Effects of canopy opening and debris deposition on fungal connectivity, phosphorus movement between litter cohorts and mass loss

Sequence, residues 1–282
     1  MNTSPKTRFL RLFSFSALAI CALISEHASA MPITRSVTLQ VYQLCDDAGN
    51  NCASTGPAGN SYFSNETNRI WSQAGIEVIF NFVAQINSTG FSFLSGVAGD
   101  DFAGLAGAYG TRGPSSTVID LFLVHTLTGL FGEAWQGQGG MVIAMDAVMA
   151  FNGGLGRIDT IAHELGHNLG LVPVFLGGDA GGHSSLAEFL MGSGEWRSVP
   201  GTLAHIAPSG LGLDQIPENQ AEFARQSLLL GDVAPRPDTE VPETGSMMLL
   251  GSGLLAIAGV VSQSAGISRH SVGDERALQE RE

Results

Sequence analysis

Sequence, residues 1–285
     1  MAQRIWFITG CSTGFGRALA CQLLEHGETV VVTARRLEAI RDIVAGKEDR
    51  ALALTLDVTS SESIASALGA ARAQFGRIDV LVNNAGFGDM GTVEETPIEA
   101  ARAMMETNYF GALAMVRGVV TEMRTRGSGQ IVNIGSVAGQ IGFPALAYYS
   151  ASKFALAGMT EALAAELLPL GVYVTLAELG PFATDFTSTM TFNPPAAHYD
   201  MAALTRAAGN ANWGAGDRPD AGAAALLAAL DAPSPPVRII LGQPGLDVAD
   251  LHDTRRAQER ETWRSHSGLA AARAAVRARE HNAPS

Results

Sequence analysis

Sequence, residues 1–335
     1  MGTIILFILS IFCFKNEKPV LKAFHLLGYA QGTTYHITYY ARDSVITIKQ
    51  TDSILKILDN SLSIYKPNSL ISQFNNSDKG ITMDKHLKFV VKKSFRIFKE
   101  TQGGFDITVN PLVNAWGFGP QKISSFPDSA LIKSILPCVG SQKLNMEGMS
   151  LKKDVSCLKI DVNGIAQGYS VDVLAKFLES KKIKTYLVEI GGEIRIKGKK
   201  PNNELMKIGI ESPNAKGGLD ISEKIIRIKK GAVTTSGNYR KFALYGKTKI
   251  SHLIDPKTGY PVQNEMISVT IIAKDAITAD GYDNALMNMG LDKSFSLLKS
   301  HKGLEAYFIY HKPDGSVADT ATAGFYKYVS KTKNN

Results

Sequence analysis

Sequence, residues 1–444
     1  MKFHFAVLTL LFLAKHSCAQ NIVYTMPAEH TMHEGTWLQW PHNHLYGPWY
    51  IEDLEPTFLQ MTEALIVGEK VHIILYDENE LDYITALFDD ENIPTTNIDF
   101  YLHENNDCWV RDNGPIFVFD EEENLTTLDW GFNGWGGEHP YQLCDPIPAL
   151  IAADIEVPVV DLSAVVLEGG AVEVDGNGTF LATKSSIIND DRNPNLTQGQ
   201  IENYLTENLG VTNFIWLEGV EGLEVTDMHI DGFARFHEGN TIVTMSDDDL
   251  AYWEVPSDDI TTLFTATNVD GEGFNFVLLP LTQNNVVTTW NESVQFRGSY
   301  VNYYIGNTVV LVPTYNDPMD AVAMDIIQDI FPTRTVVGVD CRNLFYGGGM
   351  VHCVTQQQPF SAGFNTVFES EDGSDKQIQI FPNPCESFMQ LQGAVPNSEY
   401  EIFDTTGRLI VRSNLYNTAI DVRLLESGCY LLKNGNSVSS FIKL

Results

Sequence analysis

Fungi are important for maintaining fast rates of decomposition in low quality tropical leaf litter via immobilization and translocation of limiting nutrients from sources to sinks and conserving nutrients after disturbance. Tropical trees often have low nutrient to carbon ratios. Disturbances such as hurricanes and logging transfer a large mass of green leaves with high nutrient concentrations to the forest floor, but the associated opening of the canopy dries the litter, inhibiting basidiomycete fungi that play critical roles in lignin degradation and nutrient conservation. We conducted a replicated block factorial experiment designed to disentangle the individual and interactive effects of canopy opening and green debris deposition on phosphorus (P) content, mass loss and fungal connectivity in decomposing leaf cohorts in subtropical wet forest in the Luquillo Mountains of Puerto Rico. Though green leaves had higher P concentrations they did not decompose significantly faster than senesced leaves. Mass loss differed among treatments after 14, 40.5 and 53 weeks decomposition. Mass loss at 7 weeks was predicted by P concentration at 7 weeks; mass loss in senesced leaves at 14 weeks was predicted by abundance of fungal connections between the senesced litter cohort and forest floor at 7 weeks. Fungal connectivity and P accumulation at 7 weeks and mass loss of senesced leaves beginning at 14 weeks were significantly different from and lower in plots with trimmed canopy and no debris than in the untrimmed plots with debris. Litter moisture was previously found to be significantly lower under open than closed canopy, and we found that moisture was a significant predictor of fungal connectivity in both senesced and green leaves. Deposition of green leaves ameliorated the inhibitory effect of canopy opening on fungal connectivity between litter cohorts by retaining moisture; consequently fungal connectivity and mass loss in senescent leaves did not differ between the Trim + Debris and the control treatments. Phosphorus content of senesced leaves increased significantly by 7 weeks in both trimmed and untrimmed plots with added green debris and in the control plots. Based on mass balance calculations, both the underlying forest floor and overlying green leaves likely contributed P to the decomposing senesced leaf cohort. Fungal translocation of P through hyphal connections between litter cohorts explains some of the changes in P content. Though fungi were important in conserving P, most of the P that was likely leached from green leaves was not retained in the litter layer.